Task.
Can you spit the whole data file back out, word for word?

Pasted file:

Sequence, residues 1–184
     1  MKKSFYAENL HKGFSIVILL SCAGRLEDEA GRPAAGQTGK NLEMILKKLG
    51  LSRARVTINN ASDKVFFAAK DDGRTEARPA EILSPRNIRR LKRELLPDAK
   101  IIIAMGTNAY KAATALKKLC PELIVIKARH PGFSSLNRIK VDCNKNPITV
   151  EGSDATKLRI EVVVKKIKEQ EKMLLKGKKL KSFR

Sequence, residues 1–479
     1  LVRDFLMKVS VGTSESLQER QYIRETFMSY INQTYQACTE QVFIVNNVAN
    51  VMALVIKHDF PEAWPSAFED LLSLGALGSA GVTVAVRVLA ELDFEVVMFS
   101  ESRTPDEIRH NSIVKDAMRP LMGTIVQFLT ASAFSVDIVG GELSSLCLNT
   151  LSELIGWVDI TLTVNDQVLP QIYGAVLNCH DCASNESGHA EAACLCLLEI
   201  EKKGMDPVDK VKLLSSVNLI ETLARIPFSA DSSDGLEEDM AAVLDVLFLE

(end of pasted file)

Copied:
Sequence, residues 1–184
     1  MKKSFYAENL HKGFSIVILL SCAGRLEDEA GRPAAGQTGK NLEMILKKLG
    51  LSRARVTINN ASDKVFFAAK DDGRTEARPA EILSPRNIRR LKRELLPDAK
   101  IIIAMGTNAY KAATALKKLC PELIVIKARH PGFSSLNRIK VDCNKNPITV
   151  EGSDATKLRI EVVVKKIKEQ EKMLLKGKKL KSFR

Sequence, residues 1–479
     1  LVRDFLMKVS VGTSESLQER QYIRETFMSY INQTYQACTE QVFIVNNVAN
    51  VMALVIKHDF PEAWPSAFED LLSLGALGSA GVTVAVRVLA ELDFEVVMFS
   101  ESRTPDEIRH NSIVKDAMRP LMGTIVQFLT ASAFSVDIVG GELSSLCLNT
   151  LSELIGWVDI TLTVNDQVLP QIYGAVLNCH DCASNESGHA EAACLCLLEI
   201  EKKGMDPVDK VKLLSSVNLI ETLARIPFSA DSSDGLEEDM AAVLDVLFLE